A subsequent casual conversation with a friend led to the discovery of italki, another Chinese company that specializes in language learning.
However, it is completely different from VIP Kid.
First off, italki is an online platform that matches students and teachers from all over the world. Anyone from anywhere can become a teacher of any language.
Whenever anyone asks me to describe the platform, I simply say it is "the Airbnb of language learning." Teachers set their own rates, and students choose teachers based on a combination of prices, reviews, and availability.
On top of that, italki targets adult learners instead of children. Lesson plans are fluid, not set in stone. As a teacher, you have more freedom to show your personality and tailor lessons to each student's specific needs.
After my experience with VIP Kid, I didn't have high expectations of italki, but I went ahead and sent in an application anyway. Again, I figured I had nothing to lose.
For a good couple of weeks, nothing happened. No one was signing up for my classes. I started to write it off as just another dead-end.
Then one day, for reasons unbeknownst to me even today, the lesson requests started to flood in all at once. I was getting booked up on a consistent basis.
Reviews started to come in. Students were happy with my teaching style for the most part (I'm also learning that I will never please everyone). I've been able to raise my rates just a little bit.
More importantly, I've been enjoying the experience.
Not only am I helping people from all over the world learn my native language, I am learning a little bit about their countries and cultures as well. I am meeting people from China to Russia to Brazil to even Iraq and Kyrgyzstan from the comforts of my own home.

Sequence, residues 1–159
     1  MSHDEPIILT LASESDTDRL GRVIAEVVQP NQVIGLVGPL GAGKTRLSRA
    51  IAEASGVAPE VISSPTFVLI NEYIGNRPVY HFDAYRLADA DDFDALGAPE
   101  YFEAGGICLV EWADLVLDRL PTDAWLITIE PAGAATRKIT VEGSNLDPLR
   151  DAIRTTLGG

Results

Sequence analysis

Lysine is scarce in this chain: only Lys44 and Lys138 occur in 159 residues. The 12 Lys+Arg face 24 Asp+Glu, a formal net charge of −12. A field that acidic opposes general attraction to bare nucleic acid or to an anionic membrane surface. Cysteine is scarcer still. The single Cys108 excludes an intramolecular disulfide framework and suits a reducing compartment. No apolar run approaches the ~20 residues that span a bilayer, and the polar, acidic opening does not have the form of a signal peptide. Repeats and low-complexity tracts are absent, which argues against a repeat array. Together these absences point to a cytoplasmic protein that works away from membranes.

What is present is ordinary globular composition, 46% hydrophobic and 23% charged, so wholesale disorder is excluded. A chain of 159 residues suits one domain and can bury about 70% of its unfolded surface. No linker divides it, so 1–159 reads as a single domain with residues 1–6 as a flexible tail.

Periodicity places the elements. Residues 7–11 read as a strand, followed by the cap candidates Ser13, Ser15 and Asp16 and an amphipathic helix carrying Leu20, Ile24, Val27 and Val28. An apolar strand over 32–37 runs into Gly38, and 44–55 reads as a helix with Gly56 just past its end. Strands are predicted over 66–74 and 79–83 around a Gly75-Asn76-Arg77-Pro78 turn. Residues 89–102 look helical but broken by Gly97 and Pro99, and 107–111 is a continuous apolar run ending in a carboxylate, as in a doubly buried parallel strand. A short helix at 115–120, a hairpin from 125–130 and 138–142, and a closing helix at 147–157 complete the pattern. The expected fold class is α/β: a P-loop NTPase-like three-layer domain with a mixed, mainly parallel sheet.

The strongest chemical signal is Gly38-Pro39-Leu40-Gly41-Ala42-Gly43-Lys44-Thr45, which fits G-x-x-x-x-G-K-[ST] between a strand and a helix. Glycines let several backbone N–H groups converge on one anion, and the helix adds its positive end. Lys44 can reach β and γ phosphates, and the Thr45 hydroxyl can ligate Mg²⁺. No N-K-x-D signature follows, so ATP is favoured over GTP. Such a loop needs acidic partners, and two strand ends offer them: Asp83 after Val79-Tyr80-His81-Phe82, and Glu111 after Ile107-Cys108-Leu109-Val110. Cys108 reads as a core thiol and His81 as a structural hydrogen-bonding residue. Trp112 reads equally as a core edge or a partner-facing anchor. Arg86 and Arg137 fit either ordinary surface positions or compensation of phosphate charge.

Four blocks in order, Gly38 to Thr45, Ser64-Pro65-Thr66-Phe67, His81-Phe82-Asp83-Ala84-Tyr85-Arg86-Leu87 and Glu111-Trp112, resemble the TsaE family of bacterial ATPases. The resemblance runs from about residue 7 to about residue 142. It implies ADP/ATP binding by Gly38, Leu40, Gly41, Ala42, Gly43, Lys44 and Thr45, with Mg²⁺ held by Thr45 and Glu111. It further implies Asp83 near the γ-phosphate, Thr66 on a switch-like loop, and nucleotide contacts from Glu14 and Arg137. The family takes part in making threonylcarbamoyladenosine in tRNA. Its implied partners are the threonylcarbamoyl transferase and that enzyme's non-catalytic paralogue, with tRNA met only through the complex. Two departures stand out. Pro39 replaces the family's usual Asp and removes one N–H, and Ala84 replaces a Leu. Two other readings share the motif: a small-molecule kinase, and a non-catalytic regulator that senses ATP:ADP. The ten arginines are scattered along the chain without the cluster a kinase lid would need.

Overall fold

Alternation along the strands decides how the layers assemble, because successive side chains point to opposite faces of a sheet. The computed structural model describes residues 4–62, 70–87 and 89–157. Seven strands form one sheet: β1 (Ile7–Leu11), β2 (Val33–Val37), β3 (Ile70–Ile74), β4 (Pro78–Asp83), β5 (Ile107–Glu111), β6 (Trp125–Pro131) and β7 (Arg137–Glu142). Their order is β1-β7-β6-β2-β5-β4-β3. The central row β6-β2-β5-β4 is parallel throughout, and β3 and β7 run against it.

There are certainly other platforms out there that pay more. Some I know about, others I have yet to discover. So far, I haven't found any of them to be better in one aspect or another.
I've been on the italki platform since November 2017, and I don't plan on stopping any time soon. I am improving everyday as a teacher. Seeing light bulbs go off has been very rewarding as well.
Teaching English isn't the-end-all-be-all by any means. The income right now simply isn't high enough to be sustainable for the long haul.
However, it is a great start to my location independent career. It has given my bank account enough breathing room to calm my anxiety about money for the time being. I continue to fill my pipeline with other projects that have yet to come to fruition.
As I discover more about myself, I look forward to breaking down my own barriers, eliminating pre-conceived notions about my own abilities and limitations. I learn something new about myself every single day.
And that's the most exciting part.
P.S. I don't receive any referral incentives for introducing new teachers, but if you are thinking about learning a new language, you can get started with $10 in free credit by using this link.
P.P.S. Does anyone need a white board and an orange colored t-shirt?